Hi,
When you are tipping someone, say you give him/her a certain amount of money that is more than the actual total but want him/her to keep the rest, what would you say then?
This is what I can think of:
a) It's OK.
b) The rest is for you. (sounds strange to me)
c) Keep the rest. (sounds strange too IMO)
Let's assume you only have some bigger bills (notes for the British) and you want to give some tip but not the whole rest, what would you say?
This is what I can think of:
Make it ... (any number).
Regards,
Peter
Peter Frank popped their head over the parapet saw what was going on and said
When you are tipping someone, say you give him/her a certain amount of money that is more than the actual ... not the whole rest, what would you say? This is what I can think of: Make it ... (any number).

C for me. Maybe preface it with "Just"
Make it ... (any number) , sounds good to me
But I am a jock so english usage isn't my strong point .

yours S
Nihil curo de ista tua stulta superstitione
Hi, When you are tipping someone, say you give him/her a certain amount of money that is more than the ... It's OK. b) The rest is for you. (sounds strange to me) c) Keep the rest. (sounds strange too IMO)

In the US, these are all OK, but we also say "Keep the change". That would indicate, as well, that you don't wish to spend the time manually counting out the money, or having the driver, waiter, or whatever, to come back to you with the "change".
Let's assume you only have some bigger bills (notes for the British) and you want to give some tip but not the whole rest, what would you say? This is what I can think of: Make it ... (any number).

Since the waiter has to return to you with the balance of the money, I accept the extra money and then count out the tip, or if it is in a restaurant, and the waiter brings me the money, I can leave the tip on the table. (The bill is frequently handed to me in a small folder, or on a small plate, so I can leave the tip in the folder or on the plate.)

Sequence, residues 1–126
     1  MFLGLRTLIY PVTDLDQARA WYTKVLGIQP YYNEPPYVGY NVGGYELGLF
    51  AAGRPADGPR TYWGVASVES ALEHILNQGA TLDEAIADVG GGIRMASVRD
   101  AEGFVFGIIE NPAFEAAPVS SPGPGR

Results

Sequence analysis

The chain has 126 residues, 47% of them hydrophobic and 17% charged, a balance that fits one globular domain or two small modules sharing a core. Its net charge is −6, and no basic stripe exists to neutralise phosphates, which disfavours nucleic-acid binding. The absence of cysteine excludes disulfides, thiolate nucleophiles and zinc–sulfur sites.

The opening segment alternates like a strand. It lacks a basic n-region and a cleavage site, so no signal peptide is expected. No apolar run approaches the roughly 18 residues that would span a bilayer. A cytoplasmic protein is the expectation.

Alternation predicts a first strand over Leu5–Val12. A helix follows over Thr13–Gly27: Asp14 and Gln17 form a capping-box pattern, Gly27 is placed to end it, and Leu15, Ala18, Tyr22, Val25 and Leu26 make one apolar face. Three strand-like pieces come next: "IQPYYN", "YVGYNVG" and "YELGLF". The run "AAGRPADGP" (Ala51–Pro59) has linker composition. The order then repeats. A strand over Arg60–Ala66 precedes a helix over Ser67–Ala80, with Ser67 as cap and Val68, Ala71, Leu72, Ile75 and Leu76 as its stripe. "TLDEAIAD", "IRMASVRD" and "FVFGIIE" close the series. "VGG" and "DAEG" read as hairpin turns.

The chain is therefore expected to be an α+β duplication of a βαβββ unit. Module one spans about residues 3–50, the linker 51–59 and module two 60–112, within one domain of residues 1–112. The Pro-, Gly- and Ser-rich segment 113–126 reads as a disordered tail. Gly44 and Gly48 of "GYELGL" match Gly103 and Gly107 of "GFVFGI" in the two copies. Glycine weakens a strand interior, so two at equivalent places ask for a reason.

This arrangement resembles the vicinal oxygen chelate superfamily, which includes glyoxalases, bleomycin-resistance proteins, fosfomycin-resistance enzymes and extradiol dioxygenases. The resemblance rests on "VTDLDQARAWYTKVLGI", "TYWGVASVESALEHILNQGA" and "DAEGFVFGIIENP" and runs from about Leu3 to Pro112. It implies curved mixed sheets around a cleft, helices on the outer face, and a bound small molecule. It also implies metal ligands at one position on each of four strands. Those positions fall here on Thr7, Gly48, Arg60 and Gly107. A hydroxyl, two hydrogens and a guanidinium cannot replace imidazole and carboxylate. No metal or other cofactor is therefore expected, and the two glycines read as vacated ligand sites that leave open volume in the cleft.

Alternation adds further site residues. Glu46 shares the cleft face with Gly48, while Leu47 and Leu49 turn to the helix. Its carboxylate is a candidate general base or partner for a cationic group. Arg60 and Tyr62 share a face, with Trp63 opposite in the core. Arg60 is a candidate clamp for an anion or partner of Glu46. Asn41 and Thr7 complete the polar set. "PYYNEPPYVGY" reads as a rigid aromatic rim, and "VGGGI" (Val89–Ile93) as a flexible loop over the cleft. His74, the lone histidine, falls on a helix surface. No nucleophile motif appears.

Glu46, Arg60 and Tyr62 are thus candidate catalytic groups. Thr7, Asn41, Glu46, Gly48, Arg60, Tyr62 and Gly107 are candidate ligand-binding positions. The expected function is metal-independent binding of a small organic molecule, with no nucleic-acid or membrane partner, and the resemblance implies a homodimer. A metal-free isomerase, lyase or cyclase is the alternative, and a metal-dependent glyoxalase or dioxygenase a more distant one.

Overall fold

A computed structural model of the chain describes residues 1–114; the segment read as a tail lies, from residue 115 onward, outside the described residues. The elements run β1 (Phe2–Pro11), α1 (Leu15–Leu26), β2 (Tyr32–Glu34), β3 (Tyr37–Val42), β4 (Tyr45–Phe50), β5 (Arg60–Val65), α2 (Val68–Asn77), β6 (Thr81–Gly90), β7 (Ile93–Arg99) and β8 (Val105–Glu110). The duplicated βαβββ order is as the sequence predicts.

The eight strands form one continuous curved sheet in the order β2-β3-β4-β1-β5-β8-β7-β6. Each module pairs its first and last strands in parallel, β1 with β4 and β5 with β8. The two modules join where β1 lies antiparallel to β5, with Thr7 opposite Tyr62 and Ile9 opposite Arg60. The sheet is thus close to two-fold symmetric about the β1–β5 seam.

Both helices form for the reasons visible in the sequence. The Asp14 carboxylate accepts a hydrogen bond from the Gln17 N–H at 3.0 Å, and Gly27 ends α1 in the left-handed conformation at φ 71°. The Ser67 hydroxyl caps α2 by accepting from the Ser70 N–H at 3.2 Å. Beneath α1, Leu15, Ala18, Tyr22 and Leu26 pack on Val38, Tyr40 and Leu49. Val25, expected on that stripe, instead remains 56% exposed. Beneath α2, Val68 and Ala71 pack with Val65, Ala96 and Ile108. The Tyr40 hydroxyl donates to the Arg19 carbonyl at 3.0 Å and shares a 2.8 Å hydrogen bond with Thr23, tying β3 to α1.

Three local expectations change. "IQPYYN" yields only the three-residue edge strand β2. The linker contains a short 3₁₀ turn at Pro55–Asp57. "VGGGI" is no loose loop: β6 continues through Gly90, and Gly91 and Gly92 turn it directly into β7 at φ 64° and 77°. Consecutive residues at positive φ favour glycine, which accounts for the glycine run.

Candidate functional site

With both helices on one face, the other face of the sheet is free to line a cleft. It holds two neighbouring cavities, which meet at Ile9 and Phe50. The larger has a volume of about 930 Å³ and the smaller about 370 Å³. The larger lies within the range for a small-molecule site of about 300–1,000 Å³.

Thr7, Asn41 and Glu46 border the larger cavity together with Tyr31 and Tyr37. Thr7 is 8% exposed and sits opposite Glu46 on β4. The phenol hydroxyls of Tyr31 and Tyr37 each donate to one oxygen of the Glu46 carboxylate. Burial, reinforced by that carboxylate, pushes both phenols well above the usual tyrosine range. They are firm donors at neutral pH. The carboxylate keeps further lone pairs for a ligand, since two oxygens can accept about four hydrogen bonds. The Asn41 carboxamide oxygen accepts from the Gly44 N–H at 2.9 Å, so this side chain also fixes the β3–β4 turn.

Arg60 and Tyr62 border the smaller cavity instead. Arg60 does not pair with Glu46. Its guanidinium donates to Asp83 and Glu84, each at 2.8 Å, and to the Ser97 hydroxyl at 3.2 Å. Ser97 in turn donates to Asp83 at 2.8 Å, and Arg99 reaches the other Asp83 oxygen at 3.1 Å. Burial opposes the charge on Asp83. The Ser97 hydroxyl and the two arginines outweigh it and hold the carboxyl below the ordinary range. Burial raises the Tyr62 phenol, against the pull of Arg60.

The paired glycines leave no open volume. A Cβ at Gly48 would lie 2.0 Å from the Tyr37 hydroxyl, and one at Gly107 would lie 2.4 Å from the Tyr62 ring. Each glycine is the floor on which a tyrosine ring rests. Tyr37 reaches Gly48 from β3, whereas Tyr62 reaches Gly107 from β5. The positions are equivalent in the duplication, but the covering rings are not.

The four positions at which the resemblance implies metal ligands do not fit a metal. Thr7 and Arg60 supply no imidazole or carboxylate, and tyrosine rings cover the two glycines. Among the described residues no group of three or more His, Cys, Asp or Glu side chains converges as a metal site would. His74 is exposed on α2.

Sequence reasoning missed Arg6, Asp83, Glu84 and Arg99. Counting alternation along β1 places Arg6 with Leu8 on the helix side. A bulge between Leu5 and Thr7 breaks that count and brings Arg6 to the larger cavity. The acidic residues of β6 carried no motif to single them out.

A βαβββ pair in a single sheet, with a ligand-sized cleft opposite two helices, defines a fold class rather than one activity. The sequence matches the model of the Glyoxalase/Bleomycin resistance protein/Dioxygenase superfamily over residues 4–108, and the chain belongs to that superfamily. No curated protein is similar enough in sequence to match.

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Hi, When you are tipping someone, say you give him/her a certain amount of money that is more than the ... It's OK. b) The rest is for you. (sounds strange to me) c) Keep the rest. (sounds strange too IMO)

A normal BrE usage would be "Keep the change".
Let's assume you only have some bigger bills (notes for the British) and you want to give some tip but not the whole rest, what would you say? This is what I can think of: Make it ... (any number).

I'd say "Let's call it X pounds".

wrmst rgrds
Robin Bignall
Hertfordshire
England
Hi, When you are tipping someone, say you give him/her a certain amount of money that is more than the ... It's OK. b) The rest is for you. (sounds strange to me) c) Keep the rest. (sounds strange too IMO)

There's no set phrase. "Keep the change", or any of the above work. No waiter or waitress will be offended if you use any phrase as long as the amount is sufficient. Sometimes I just say "Thanks for the service" and they understand the remaining amount is theirs.
Let's assume you only have some bigger bills (notes for the British) and you want to give some tip but not the whole rest, what would you say? This is what I can think of: Make it ... (any number).

Again, no set phrase. I usually say "Bring me back $x.00" (specifying the amount of change I want back) but anything that communicates the idea is just fine.
There's an annoying new thing that some waiters/waitresses try to pull: You give them a $20 bill for a $12.00 check and they ask "Do you need change?" The idea is to shame you into over-tipping. I usually answer "Damn right I do. Bring me back $x.00." and then tip the minimum.
Hi, When you are tipping someone, say you give him/her a certain amount of money that is more than the ... It's OK. b) The rest is for you. (sounds strange to me) c) Keep the rest. (sounds strange too IMO)

Here in Canada, I just gesture (kind of a "stop" thing with palm raised towards the money) and thank the server. They don't need much of a hint to keep the change. It's more of an annoyance when they return with a combination of coins and notes that forces you to choose between giving them almost no tip or a very handsome one. I try to carry enough change that it never happens, or at least to pre-empt it by asking for "small change, please".
Let's assume you only have some bigger bills (notes for the British) and you want to give some tip but not the whole rest, what would you say? This is what I can think of: Make it ... (any number).

"I only need a five back". Only if the person is making change right there, and only if it's not caused more trouble than it's worth in the past in a similar situation (they may have to keep their tip money and the establishment's money separate, and may have trouble doing it in that sequence).
Best regards,
Spehro Pefhany

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